10 Pop Culture Tattoos (And Their Secretly Ridiculous Meanings)
Tattoos and popular culture have had a long and somewhat complicated relationship. Sure, they make for a great way to add a dash of intrigue to a movie character or to help obscenely wealthy athletes blow their cash, but things don’t always go according to plan. Sometimes, those characters end up looking less like The Girl with the Dragon Tattoo and more like your idiot friend after a tequila-fueled run-in with a less-than-ethical tattoo artist. If you plan to add a little ink to something that will be seen by millions, maybe do your homework first.
10 God Is Kind Of A Hypocrite
In the 2010 action/horror film Legion, God decides he’s sick of mankind’s wickedness and sends his army of angels on the rather ironic mission of killing absolutely everyone. The archangel Michael catches wind of this and steps in to stop the coming angelic apocalypse. Michael, branded with heavenly tattoos placed by his creator, comes to Earth to defend the helpless humans from a disappointed God. The thing is — God doesn’t seem to have any idea what he wants.
Astonishingly, the characters scribed on Michael’s torso are part of an actual language allegedly used by angels. Called Enochian, this tongue was invented by British occultist John Dee and makes several appearances in the film. However, the fact that it’s an actual language means that it can be translated, which presents some issues. It turns out that Mikey is carrying around a Bible verse on his chest. That’s not terribly surprising, but the choice of verse certainly is.
“For indeed the hand of the Lord was against them, to destroy them from among the host, until they were consumed.” That’s Deuteronomy 2:15, and it’s referencing God’s revenge against an army that refused to murder, pillage, rape, etc. on his behalf. So what we end up with is a guy who murders people for not murdering one day and murders them for murdering the next. The only question is why he would ink up his soldiers with proof of his hypocrisy.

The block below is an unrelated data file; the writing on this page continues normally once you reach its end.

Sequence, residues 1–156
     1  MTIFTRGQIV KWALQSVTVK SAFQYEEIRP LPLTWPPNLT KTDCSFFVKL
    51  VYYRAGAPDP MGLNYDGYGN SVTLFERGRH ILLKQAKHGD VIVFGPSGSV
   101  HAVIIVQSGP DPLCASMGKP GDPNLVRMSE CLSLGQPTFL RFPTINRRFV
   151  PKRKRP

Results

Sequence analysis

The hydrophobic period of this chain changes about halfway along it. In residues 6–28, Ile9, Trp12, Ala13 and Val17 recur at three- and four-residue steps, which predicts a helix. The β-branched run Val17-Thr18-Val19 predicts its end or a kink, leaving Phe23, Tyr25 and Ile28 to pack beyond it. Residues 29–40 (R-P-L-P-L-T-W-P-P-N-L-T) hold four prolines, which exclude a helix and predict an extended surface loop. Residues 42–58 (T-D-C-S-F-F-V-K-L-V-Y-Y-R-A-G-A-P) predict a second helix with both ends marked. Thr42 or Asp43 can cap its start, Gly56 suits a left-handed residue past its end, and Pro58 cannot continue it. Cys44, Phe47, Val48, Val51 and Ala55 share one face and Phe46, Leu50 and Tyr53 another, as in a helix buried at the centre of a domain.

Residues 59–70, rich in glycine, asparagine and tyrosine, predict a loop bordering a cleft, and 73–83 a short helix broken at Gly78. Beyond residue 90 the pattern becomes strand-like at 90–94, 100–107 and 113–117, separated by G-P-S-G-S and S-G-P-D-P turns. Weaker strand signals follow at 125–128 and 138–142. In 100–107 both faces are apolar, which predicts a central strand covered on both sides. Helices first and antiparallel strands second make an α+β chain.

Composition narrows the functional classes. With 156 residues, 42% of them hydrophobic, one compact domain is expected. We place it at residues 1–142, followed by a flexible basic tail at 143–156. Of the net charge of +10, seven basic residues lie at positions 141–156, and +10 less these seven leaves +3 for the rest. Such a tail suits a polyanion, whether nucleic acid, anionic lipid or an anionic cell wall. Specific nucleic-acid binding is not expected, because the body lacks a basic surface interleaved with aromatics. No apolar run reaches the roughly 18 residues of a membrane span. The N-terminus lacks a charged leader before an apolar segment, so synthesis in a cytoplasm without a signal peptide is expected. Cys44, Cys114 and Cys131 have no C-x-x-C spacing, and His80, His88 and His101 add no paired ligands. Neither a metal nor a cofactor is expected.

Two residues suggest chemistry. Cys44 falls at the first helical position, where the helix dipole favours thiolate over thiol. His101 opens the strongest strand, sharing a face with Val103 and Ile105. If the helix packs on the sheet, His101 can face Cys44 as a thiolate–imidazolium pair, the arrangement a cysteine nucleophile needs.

9 Monkey Man
As you’ll quickly learn from this list, Chinese characters are an extremely bad tattoo idea. By this point, that should surprise exactly no one; we’ve all heard horror stories of someone accidentally branding themselves with “semen dumpster” or something similar. Yet, people continue to go this route when selecting their permanent body modification, including retired Russian tennis player Marat Safin.
Safin decided to really set himself apart from the athletic tattoo crowd when opting for exotic Chinese characters for his shoulder ink. Surprisingly, though, they said exactly what he wanted them to — “monkey.” He made this unusual choice because he was born in the Year of the Monkey, according to the Chinese zodiac . . . or so he believed. He was actually born in the Year of the Ram, leaving him with a tat that seems only to express his irrational obsession with simians.
8 Agent 47 — Ice-Cold Killer And Sex Toy Advocate